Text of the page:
I.e., the worst case proves the rule.

Nice. What about the resource cost for creating a BEV vs. an ICE?

Word. Thanks.

great link – thanks!

It’s hard to tell how they came up with the figure, but EV would do far better in city (low speed in traffic) than rural (high speed). I tried inner city zip code and rural zip code, and they both came back with same numbers. Gas cars would do far worse in city, something to keep in mind when comparing to EV.

Very true.

The UCS should have included a category for hybrid cars and also allowed you to calculate the CO2e for specific model hybrid and conventional ICE cars in their emissions tool, instead of just giving one figure for a 29 mpg gasoline-only car.

I guess the reason they didn’t included regular hybrids is that it would not suite their agenda very well :/ Not very scientific approach.

These CO2 emission figures are already well defined in DOE website for each particular car, no need to invent a bicycle really.

Nation wide averages speak for themselves..

“not suite their agenda very well” says who? Tell us about YOUR agenda will you? 😉

This is why solar city is up double digits percentage wise today – you can’t win against Elon and the new age of electric energy. Join us instead.

and, in other news, the time it took to write this article India opened two new coal power plants, as did China,..negating the entire output of Tesla for the next century. Oh, and Russia just opened another one,..there goes every Bolt that will ever be sold. (I grew up with “the Coming Ice Age” environmental hysteria, then the “Global Warming” hoax, so please excuse my skepticism over the current tax-the-rich scheme called “Climate Change”..) I can just see Gore hopping out of his personal heated outdoor Olympic pool and into his Tesla 3,..saving the blessed planet yet again.

In the U.S. alone, pollution from coal-fired power plants are estimated to kill between 15,000 and 30,000 Americans ever year. Obviously worldwide, it’s far worse… especially in China.

I’d think that even someone who thinks global warming is a “hoax” could see the advantage of reducing air pollution. Don’t cut off your nose to spite your face.

Now, as to your apparent belief that if plug-in EVs can’t immediately stop 100% of worldwide industrial pollution or climate change, then there’s no point in pursuing them at all, I’m reminded of what one wise person said:

“I am only one, but still I am one. I cannot do everything, but still I can do something; and because I cannot do everything, I will not refuse to do something that I can do.” — Helen Keller

Did you know that %36 of statistics are made up on the spot?

That’s actually an old number. The latest is 42%.

“and, in other news, the time it took to write this article India opened two new coal power plants, as did China,..negating the entire output of Tesla for the next century”

I would like to see reference to back up that claim.

China isn’t building coal plants that fast anymore ever since the collapse of their real estate bubble…

Its better they burn it anyways, rather than dump in the rivers.

It’s perspective dude. I mean that coming ice age stuff lasted for about 6 months, had a few articles on it in the paper and magazines.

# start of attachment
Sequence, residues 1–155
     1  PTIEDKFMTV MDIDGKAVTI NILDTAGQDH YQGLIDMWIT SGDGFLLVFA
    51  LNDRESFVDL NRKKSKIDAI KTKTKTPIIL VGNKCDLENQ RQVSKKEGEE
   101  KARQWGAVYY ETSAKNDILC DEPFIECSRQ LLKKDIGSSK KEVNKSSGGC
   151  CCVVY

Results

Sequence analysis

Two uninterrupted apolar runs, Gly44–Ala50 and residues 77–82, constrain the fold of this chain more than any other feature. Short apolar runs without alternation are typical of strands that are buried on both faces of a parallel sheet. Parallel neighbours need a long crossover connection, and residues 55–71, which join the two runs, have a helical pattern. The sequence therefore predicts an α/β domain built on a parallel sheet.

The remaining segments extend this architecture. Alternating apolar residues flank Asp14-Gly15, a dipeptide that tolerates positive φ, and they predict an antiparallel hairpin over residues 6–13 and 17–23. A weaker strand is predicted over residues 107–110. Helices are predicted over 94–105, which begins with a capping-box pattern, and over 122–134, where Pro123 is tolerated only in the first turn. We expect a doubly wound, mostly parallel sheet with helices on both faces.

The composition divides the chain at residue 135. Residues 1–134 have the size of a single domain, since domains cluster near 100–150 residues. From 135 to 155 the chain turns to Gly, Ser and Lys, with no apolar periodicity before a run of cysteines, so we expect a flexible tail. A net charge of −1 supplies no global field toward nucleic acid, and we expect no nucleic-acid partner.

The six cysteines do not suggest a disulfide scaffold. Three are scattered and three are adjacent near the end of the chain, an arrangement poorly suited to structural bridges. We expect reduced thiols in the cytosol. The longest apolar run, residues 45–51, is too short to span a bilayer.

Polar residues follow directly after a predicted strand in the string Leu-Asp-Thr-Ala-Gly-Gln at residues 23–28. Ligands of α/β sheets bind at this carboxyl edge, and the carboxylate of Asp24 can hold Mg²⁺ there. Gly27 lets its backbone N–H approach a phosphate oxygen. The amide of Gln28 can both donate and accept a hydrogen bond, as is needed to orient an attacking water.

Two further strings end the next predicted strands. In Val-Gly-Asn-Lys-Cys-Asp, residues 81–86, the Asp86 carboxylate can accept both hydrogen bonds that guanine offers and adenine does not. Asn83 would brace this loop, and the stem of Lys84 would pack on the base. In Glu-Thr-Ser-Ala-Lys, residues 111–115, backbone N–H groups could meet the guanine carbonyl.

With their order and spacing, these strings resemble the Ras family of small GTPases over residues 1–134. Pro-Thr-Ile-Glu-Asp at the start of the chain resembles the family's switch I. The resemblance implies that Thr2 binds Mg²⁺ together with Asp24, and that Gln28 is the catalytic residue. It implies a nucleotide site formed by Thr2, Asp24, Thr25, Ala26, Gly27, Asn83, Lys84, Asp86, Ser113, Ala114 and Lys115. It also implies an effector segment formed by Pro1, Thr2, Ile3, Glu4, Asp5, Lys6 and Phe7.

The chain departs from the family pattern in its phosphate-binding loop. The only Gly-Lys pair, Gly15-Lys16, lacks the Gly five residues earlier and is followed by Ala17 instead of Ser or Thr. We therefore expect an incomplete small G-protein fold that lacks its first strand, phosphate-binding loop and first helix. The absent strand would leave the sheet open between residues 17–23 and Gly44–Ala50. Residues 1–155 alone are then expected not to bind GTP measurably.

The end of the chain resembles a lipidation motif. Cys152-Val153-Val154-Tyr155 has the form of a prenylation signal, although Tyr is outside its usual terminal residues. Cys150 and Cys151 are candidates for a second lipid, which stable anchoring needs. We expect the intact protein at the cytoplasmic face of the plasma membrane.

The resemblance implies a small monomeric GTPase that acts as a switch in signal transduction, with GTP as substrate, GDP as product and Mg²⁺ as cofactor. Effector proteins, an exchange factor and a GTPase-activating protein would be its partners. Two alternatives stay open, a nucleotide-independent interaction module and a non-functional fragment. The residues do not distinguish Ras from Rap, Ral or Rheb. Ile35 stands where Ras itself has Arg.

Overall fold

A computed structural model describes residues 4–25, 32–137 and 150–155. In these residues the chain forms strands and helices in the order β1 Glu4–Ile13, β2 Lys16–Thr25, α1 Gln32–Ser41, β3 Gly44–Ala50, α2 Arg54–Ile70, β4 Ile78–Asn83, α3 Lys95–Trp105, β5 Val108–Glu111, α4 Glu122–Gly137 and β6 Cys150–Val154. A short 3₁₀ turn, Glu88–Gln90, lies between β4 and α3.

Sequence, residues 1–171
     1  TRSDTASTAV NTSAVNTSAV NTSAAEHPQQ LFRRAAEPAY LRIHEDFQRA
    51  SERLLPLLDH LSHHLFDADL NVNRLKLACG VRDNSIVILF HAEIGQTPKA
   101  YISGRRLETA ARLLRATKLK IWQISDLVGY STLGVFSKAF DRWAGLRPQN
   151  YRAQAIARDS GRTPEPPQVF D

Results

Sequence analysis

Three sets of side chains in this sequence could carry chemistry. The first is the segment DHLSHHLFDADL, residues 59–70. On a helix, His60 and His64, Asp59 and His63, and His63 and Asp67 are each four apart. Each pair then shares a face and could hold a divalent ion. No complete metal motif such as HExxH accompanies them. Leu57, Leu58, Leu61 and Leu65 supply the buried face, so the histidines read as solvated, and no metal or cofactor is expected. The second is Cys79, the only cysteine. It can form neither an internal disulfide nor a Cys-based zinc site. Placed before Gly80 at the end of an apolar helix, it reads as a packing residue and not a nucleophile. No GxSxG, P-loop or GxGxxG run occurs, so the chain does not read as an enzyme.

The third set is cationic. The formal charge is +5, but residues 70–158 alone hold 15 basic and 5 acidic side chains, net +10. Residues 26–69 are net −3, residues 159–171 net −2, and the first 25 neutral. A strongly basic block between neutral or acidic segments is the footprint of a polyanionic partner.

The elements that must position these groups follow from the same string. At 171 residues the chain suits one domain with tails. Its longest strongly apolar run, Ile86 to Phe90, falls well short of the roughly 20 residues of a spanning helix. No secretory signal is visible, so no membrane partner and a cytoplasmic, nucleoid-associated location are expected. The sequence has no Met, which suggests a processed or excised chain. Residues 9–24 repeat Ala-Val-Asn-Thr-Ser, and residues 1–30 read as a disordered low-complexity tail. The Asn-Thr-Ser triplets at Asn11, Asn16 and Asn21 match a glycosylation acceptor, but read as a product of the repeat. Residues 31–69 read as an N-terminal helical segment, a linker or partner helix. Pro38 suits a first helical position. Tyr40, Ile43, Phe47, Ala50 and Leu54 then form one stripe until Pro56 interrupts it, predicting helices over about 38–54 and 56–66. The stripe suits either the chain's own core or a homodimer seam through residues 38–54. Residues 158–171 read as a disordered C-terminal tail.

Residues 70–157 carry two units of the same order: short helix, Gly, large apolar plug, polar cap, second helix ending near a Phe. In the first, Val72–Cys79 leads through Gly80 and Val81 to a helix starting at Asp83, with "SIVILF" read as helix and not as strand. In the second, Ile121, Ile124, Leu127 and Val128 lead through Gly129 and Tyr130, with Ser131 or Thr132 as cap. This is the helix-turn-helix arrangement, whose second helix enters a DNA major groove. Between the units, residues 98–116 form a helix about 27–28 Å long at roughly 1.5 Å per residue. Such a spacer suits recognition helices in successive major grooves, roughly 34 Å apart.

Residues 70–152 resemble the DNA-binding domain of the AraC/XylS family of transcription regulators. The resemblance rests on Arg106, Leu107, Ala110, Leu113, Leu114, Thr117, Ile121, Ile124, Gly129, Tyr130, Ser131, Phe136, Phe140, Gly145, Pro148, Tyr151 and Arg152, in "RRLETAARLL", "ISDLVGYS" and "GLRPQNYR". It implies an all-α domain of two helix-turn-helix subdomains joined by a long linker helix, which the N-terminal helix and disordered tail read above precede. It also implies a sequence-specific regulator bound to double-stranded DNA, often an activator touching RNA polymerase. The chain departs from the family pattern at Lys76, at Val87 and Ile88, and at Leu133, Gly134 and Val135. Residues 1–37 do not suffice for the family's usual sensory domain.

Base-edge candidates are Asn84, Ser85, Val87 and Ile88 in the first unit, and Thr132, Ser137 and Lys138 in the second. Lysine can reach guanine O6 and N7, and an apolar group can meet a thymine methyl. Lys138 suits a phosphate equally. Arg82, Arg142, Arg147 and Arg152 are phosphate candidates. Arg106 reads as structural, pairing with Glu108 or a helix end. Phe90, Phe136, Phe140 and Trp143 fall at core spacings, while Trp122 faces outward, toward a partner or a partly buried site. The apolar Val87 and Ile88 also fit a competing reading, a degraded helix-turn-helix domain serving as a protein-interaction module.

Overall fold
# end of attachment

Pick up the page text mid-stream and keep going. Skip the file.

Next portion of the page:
Now that the planet has been warming for decades, you can no longer
‘Rush Limbaugh,’ the facts, pretend as if they don’t exist, you resort too: what we do won’t matter because others will ruin the planet is just specious argumentation.

Sorry, not buying what you are selling.
If you buy the Republican or for matter any political parties take on things, hook, line and sinker, well then, you are just hopeless.

Old news, China has stopped all new coal mine projects just last month.

If you really don’t think that global warming is real by now, it’s unlikely that rational arguments can help much at this late stage. But just in case.

The average global surface temperature decreased slightly from 1940 to 1975. The main reason behind this mid-century cooling was global dimming due to anthropogenic sulfate aerosol emissions. That was global cooling.

I am really disappointed I can’t select and ICEs for comparison in this. There should have at least been 10 or 20 of the most common sold ICE vehicles to do a direct comparison.

You can compare Annual Emissions (lbs CO2) of almost all cars here ->

You can also breakout daily driving distance, and percentage that is highway miles.

I think we should also consider the other dangerous gases produced by ices:

U.S. Environmental Protection Agency estimates of average passenger car emissions in the United States for April 2000[5]
Component Emission Rate Annual pollution emitted
Hydrocarbons 2.80 grams/mile (1.75 g/Km) 77.1 pounds (35.0 kg)
Carbon monoxide 20.9 grams/mile (13.06 g/Km) 575 pounds (261 kg)
NOx 1.39 grams/mile (0.87 g/Km) 38.2 pounds (17.3 kg)

Vehicle, Light-Duty Truck, and Medium-Duty Passenger Vehicle—Tier 2 Exhaust Emission Standards (for Bin 5)[6]
Component Emission Rate Annual pollution emitted
NMOG (Volatile organic compounds) 0.075 grams/mile (0.046 g/Km) 2.1 pounds (0.95 kg)
Carbon Monoxide 3.4 grams/mile (2.1 g/Km) 94 pounds (43 kg)
NOX 0.05 grams/mile (0.0305 g/Km) 1.4 pounds (0.64 kg)
Formaldehyde 0.015 grams/mile (0.0092 g/Km) 0.41 pounds (0.19 kg)

I have solar and buy wind power so my LEAF emits zero.

Why is the leaf so sensitive to model year? The battery is the same and the range hasn’t changed in real terms by any great amount.

The CO2 produced per mile then to come from EPA data sets from 2009, or 2012. The do not take into account that:

1. Refineries have trended to use more dirty crude oil to make fuel in each year since 2011/12. (between 2010-2014 sweet crude was very expensive, and oil-sand crude came online, as more oil source from North Dakota)

2. Each year since 2009, the electric grid has gotten cleaner each year. In 2015 NG electric energy produced exceeded coal for each month of the year (US). Also in 2014/15 new electric energy sources were mostly from renewable sources … reaching 100% of new production be renewable in 2015. More coal plants were retired in 2015 as the overall demand for electric energy dropped, due to more efficient use of electricity. (thing mobile phones and LCD screens and LED bulbs vs. older energy hogging TV tubes)